he‟s met here: Loy Arcenas, Sharon Scruggs, Brian Mertes. He‟s a

serial polygamist, and the ranks of his art-partners grows and stays


And his work, too, grows, is ever new, ever expanding. These are

the first words of Carter performed at ND and they were performed
at his New Writers‟ Welcome by Lonnie himself (From China


          Keats died at 28, no 7, no 6

          Today I‟m 58, no 7, no 6

          You pays your century

          You takes your picks

          His was the 19th, mine the 20th

          He roared in with sonnets ablaze

          I‟m stepping out with 50 plays


          “When I have fears that I may cease to be

          Before my pen has gleaned my teeming brain

          Before high-piled books, in charactery

          Hold like rich garners the full-ripened grain”

          The Keats lines have stuck in my craw, been my law

          Bellowed my flaccid iambic members

          Held my gnarled dactyls to the embers
            Keats dead from consumption at half my age

            And still I cough up fresh blood for the stage.”

Fresh blood for the stage. It‟s true. That‟s what Lonnie coughs up,

again and again, because as he says elsewhere in that frankly

autobiographical work, “This is my play. It‟s not like my life. It is

my life.”

The first thing you notice about Lonnie is the freshness of his

language. Actually, the first thing you notice about him, if you‟re

like me, is that he‟s not black. I‟ve told this story before and this

will be the last time. I‟m sure other people have stories like it. I

was having lunch with the extraordinary Kia Corthron when she

told me that Lonnie had been her first playwriting teacher. I‟d

known Lonnie‟s work for some years and launched into tirade

about neglected black playwrights from the „70s. Kia let me go on

before smiling and saying in her sweet way, “Uh, Todd. Lonnie‟s

white.” Lonnie‟s white and he‟s still one of the great, important,
committed, knowledgeable, passionate, inventive, part of the

solution not the problem, pan-African-American playwrights of the

last 30 years. Ask any of the hundreds of actors of color he‟s

written dazzling roles for.

The second thing you notice is that language. It‟s old and new at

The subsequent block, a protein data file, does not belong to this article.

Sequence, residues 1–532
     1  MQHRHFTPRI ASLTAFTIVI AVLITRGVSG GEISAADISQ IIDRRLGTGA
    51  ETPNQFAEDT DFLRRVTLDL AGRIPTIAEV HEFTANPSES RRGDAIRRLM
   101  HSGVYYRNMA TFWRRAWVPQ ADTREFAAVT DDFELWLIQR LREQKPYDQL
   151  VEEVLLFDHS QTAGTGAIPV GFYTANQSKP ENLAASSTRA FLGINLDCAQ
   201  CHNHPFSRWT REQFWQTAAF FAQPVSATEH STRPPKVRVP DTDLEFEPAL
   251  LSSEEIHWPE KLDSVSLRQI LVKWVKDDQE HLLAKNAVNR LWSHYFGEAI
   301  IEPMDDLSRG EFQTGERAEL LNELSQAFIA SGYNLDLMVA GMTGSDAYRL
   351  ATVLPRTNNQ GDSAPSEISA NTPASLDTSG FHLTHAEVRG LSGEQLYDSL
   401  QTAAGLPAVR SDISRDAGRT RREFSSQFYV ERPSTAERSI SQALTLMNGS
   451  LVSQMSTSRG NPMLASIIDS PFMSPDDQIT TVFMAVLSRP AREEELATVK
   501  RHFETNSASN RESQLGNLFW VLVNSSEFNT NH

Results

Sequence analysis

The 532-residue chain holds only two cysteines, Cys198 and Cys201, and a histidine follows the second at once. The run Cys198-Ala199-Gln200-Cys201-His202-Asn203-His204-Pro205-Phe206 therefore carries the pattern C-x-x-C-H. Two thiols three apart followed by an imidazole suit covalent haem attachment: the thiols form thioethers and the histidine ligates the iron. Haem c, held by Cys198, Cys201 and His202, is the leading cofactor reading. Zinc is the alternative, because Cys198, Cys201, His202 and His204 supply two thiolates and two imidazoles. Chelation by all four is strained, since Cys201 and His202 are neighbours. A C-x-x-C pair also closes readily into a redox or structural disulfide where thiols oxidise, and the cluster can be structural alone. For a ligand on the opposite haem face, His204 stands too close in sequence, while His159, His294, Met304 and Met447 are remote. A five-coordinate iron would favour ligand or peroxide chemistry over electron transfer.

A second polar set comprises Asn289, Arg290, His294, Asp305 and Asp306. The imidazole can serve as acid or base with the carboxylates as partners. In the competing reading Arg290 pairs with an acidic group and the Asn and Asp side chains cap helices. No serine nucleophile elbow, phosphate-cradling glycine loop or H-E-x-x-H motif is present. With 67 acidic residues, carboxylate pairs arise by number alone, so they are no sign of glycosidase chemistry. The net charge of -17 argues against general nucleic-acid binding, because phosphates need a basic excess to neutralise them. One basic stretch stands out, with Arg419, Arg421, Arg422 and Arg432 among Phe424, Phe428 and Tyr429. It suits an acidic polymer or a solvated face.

the same time, drawing from all time, all periods, Swift, Homer,

Hip-Hop, Keats, Blake, Dr. Dre, and Aretha Franklin, the songs of

the Philippines, phrases from China, France, the Spanish World,

pop culture, and the old priests back home. Lonnie named his

daughter Calpurnia out of Julius Caesar, and Cal taught Lonnie

new words. He wrote them down.

He grinds all of his sources together in that wide, generous logo

maw. And out comes a new theatrical Esperanto that‟s pure Carter,

Carterial, Cartil-edged, Carter-esian, idiomatically invented on the

fly, tweaked and twisted, punned against and punning, making
itself up as it goes along. New meanings, new perceptions, new

lingua politica.

Shakespeare added 2000 words to the English language and

uncountable more hybrids and phrases. Lonnie has pilfered

Shakespeare‟s tools: Coinage. Invention. Linguistic profusion.

He‟s smithying at the bard‟s forge: fashioning ever-new the old

tongues. How many new words and phrases hath Mr. Carter


And just when you think that Lonnie‟s lingo is all tricked out and

tortuous, you get the clean prose of China Calls: the international

corporate wife who‟s spirited the children off to Asia leaving her

playwright husband doing his Sovereign Boogedy Boogedy at

home. She says: “I‟m not a Republican I‟m not a Republican.” He

says: “Every action is political/Every passion is political.”
Or you get the Neruda-like raw-wood monosyllables of the

Filipino migrant workers in the gorgeous, Obie-winning Romance

of Magno Rubio:

           Why are you weeping, Manong?

           Why is your face broken?

           How long have you been at this?

           This life which makes us all old without cease

           What is it when we have no work?

           What is it even when we do?

           Weep for that that keeps us here

           Playing games of cards, so ripped and bent,

                My back so stripped and bent

                With four or five manongs like me

           And always one off to the side

                With his solitaire…

Listen to one last, a love scene between the poet Phyllis Wheatley

and a cook Samson Osee at the time of the first American
revolution. Listen to the end of it, especially—as Wheatley love-

sings Lonnie‟s manifest o‟ love to the word:

READ Scene

Here‟s the secret that‟s no secret. The fierce Swiftian satirist

Carter, the playful hip hop pre-genitor who never met a slippery

signifier he didn‟t want to follow up the Meryl Streep or down to

the Deps, Johnny, of hell, whose plays play fast and loose with this

lingo and that until each dialect is one big patois cake, this ever

and always new New Dramatist, in the heart beneath his natty

threads and Jesuit robes, beneath his fierce, magnificent Austro-

Hungarian brow, wild with eyebrows from Olympus, this

Chicaaago boy with the stern mien and the sweet Peter Pan smile is

a Romantic poet, a poet-taster, a heart man. His body of work is a

sacre coeur-pus.
Lonnie, on behalf of the writers, staff and board of New

Dramatists, I want to thank you for your example—of conviction,

fire, invention, poetry, insight, and new-ness. I wish for you a

world that lives up to your demands of it, that proves itself capable

of growth and righteousness and new coinage. I wish for you a

world that speaks from the heart in a common tongue.

Intro play